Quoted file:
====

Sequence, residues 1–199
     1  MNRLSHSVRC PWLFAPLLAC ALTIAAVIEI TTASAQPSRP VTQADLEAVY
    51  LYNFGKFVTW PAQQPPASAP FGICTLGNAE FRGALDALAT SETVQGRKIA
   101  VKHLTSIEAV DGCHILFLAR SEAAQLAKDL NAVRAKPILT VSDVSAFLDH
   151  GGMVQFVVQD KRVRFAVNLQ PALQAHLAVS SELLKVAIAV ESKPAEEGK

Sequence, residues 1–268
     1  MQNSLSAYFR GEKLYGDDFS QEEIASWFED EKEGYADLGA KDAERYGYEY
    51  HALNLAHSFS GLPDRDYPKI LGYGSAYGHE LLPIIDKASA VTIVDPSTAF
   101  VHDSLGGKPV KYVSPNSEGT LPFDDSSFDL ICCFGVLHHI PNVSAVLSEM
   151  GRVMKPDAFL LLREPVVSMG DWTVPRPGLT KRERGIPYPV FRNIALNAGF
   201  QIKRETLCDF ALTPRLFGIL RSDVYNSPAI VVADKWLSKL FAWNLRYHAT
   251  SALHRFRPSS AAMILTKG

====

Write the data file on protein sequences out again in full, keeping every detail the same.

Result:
Sequence, residues 1–199
     1  MNRLSHSVRC PWLFAPLLAC ALTIAAVIEI TTASAQPSRP VTQADLEAVY
    51  LYNFGKFVTW PAQQPPASAP FGICTLGNAE FRGALDALAT SETVQGRKIA
   101  VKHLTSIEAV DGCHILFLAR SEAAQLAKDL NAVRAKPILT VSDVSAFLDH
   151  GGMVQFVVQD KRVRFAVNLQ PALQAHLAVS SELLKVAIAV ESKPAEEGK

Sequence, residues 1–268
     1  MQNSLSAYFR GEKLYGDDFS QEEIASWFED EKEGYADLGA KDAERYGYEY
    51  HALNLAHSFS GLPDRDYPKI LGYGSAYGHE LLPIIDKASA VTIVDPSTAF
   101  VHDSLGGKPV KYVSPNSEGT LPFDDSSFDL ICCFGVLHHI PNVSAVLSEM
   151  GRVMKPDAFL LLREPVVSMG DWTVPRPGLT KRERGIPYPV FRNIALNAGF
   201  QIKRETLCDF ALTPRLFGIL RSDVYNSPAI VVADKWLSKL FAWNLRYHAT
   251  SALHRFRPSS AAMILTKG